Mrs. Ellsworth's adult son, Nelson, still lives with her. Nelson has a woman problem and he seeks Sarah's advice. He's terribly ashamed of himself for getting Anna Blake in trouble (an old euphemism for a unmarried woman getting pregnant). Nelson wants to do the honorable thing and marry Anna, but she wants a thousand dollars to start a new life elsewhere. She claims she doesn't want to ruin Nelson's life with scandal. Sarah is pretty skeptical about Miss Blake already. After all, at a time when an unmarried pregnant woman would gladly marry ANY man willing to give her baby his [last] name, Anna's explanation doesn't ring true.

Sarah's 'balderdash alarm' goes off even more loudly after she accompanies Nelson to Mr. & Mrs. Walcott's boarding house, where she meets Anna. Anna makes hysterical accusations that unnerve poor Nelson and try Sarah's patience. Still, neither of them expect Anna's corpse to be later found in Washington Square, let alone Nelson to be accused of her murder. It's time for Sarah to visit police headquarters and enlist the aid of Frank Malloy.

Sarah was right to be suspicious about Anna Blake. She wasn't what Nelson believed her to be. Since Nelson didn't murder her, who did? Can Sarah and Frank find out without Sarah putting her life in danger again?

This book takes place weeks after book three, Murder in Gramercy Park. A subplot in that book was Sarah knowing a surgeon who might be able to operate on Brian Malloy's club foot so Frank's three-year-old son could walk. The operation happened long enough ago to give Sarah an excuse to visit the Malloy apartment. She really does want to see how Brian is doing, and it's a reason Alma Malloy, Frank's widowed mother, can't be too nasty about. Well, Mrs. Malloy will be nasty anyway. Frank has needed his mother since his wife Kathleen died in childbirth, and Alma worries that she'll no longer be needed if her son remarries.

Another subplot is the matter of Dr. Tom Brandt's murder. It's been three years and the case was never investigated. Frank thinks that solving it is the least he can do for Sarah after she made him realize that Brian is merely deaf, not simple-minded, and after introducing him to Dr. Newton. This subplot has several books to run through yet, so don't expect a lot of progress.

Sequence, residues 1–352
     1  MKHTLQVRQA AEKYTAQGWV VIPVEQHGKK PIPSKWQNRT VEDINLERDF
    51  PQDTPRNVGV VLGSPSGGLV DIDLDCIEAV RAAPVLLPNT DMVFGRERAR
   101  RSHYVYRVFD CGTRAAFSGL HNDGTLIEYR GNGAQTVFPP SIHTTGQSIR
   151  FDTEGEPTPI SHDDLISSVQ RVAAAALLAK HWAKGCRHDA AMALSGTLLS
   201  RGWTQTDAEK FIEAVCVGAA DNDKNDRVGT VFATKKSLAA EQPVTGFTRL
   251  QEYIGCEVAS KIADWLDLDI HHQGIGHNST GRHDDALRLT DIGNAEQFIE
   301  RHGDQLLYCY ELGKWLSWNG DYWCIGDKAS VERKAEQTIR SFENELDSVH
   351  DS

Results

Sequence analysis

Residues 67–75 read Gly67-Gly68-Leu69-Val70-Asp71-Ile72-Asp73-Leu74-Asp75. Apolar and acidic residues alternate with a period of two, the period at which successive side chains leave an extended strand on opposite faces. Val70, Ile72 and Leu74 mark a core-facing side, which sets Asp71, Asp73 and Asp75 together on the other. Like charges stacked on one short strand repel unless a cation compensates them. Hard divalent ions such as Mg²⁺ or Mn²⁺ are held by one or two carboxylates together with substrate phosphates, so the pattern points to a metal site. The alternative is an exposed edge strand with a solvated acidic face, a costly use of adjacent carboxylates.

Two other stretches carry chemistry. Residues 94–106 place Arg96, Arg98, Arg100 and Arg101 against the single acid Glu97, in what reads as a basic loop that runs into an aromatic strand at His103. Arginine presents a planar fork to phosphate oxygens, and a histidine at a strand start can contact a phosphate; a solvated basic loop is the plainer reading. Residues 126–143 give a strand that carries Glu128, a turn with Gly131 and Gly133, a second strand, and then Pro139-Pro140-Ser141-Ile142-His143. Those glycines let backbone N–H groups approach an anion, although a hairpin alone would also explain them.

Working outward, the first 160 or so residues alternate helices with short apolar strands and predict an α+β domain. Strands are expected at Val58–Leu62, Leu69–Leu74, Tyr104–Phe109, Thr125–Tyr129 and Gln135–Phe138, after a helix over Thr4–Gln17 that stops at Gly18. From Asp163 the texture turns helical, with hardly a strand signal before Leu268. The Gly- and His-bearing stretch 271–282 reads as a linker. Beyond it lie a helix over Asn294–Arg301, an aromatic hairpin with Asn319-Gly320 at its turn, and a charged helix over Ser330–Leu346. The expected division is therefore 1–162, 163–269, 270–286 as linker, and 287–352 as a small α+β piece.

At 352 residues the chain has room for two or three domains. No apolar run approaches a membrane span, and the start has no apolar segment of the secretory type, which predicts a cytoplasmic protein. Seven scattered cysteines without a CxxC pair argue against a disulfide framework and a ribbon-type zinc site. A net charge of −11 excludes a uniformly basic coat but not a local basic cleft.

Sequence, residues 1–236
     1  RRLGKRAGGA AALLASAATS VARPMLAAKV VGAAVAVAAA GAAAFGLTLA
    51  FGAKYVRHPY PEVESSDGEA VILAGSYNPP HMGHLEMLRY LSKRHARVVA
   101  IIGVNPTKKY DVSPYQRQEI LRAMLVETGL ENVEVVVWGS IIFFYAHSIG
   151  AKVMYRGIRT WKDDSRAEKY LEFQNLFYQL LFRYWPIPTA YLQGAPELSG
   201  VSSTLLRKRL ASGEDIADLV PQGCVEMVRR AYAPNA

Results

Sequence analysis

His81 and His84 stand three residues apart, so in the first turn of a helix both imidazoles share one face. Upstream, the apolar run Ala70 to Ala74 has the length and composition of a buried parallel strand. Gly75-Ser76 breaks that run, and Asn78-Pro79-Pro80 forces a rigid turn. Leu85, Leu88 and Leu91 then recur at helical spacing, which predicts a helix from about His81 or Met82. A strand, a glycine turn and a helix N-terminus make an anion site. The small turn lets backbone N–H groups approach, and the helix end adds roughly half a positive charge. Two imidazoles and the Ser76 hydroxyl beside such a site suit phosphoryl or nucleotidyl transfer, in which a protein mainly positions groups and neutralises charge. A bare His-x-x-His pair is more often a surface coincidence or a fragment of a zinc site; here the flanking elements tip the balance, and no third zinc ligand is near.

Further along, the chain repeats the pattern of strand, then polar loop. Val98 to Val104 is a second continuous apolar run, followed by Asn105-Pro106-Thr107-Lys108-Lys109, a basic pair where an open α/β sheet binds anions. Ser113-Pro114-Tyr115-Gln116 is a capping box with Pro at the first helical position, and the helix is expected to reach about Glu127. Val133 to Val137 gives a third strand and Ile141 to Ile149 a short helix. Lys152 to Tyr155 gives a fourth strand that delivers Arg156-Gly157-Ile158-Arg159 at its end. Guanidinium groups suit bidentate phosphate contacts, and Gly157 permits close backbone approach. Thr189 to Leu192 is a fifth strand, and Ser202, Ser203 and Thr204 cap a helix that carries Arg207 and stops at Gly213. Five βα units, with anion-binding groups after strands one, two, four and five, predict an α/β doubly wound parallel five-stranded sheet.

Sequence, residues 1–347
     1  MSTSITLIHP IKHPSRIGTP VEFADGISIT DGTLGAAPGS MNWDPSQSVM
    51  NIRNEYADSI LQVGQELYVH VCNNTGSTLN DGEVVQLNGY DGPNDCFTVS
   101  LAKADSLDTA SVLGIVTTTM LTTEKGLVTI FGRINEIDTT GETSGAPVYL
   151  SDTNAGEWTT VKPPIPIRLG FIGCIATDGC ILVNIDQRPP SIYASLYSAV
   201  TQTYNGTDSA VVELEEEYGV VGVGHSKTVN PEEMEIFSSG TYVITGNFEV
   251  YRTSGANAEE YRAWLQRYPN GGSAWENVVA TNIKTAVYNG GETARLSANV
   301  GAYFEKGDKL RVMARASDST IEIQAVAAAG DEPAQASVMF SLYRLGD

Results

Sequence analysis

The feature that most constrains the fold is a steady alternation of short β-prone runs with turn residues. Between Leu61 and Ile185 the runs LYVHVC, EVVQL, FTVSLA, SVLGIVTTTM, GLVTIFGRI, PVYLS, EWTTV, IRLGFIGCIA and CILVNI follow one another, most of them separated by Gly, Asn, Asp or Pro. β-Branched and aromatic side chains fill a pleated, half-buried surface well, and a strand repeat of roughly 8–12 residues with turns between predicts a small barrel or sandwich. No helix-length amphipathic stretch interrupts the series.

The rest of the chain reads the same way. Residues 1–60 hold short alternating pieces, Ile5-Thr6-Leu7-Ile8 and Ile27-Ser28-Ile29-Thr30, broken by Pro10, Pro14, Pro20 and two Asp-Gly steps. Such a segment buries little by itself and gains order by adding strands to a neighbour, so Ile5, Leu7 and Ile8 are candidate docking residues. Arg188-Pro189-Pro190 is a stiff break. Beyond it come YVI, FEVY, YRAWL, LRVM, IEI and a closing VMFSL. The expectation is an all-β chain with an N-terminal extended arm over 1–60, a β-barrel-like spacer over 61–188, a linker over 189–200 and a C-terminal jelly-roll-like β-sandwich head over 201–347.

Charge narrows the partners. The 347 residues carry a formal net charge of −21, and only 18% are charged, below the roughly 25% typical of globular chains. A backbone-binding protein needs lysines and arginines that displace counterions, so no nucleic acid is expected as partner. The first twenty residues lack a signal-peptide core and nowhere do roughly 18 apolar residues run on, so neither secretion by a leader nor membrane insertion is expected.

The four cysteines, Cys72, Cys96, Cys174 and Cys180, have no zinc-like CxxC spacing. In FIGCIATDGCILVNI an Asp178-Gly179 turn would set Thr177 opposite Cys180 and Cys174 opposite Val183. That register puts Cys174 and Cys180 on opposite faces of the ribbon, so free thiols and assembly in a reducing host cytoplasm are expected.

NOTES:

Chapter 1: Antimacassars are those squares of cloth or doilies that used to be put on the backs and arms of chairs and sofas. (Chairs and sofas may come with their own arm protectors these days, but we don't have to worry about men's macassar hair oil staining the furniture anymore.)

Chapter 2:

a. I knew about rabbit feet and new pennies for luck, but Mrs. Ellsworth tells Sarah about nutmegs.

b. The Malloys' second floor flat is in the Seventeenth Ward, where one might hear the roar of the Second Avenue Elevated Railway.

c. Brian's eyes are described as [sky] blue again. Sarah is correct -- Brian gets his looks (including his red-gold hair), from his late mother. Given that Frank has dark eyes, I'm guessing he's a hybrid brown, as I am. Perhaps he, too, had a blue-eyed father.

d. Sarah was locked in an interrogation room in Murder on Astor Place.

e. See the author's note for more about the Maria Barberi [Barbella] case.

f. Mrs. Ellsworth saved Sarah's life in book two, Murder on St. Mark's Place..

Chapter 3: Despite Sarah frying a pork chop better than his mother does (see chapter one, Murder on St. Mark's Place.), here Frank thinks that Sarah isn't as good a cook as his mother.

Chapter 5: The scandal has upset Mr. Holsinger, who lives across the street from Sarah and the Ellsworths.

Chapter 6:

a. Mrs. Ellsworth has a superstition about hearing knocking.

b. Frank learns about a use women have for sponges. (I'm sure he'd be even more horrified by contraceptive fudge.)

Chapter 7:

a. The Decker home is near the Plaza Hotel and Marble Row on Fifth Avenue.

b. For why Mrs. Schyler isn't speaking to Mrs. Decker, see Murder on St. Mark's Place.). See the same book for the murder of Charity Girls.

c. Frank talks with Nelson about his time with Anna Blake.

Chapter 9: That Settlement House that Richard Dennis' late wife Hazel used to visit will not only be a major place of interest in the next book, Murder on Mulberry Bend, it will appear in many other books in this series.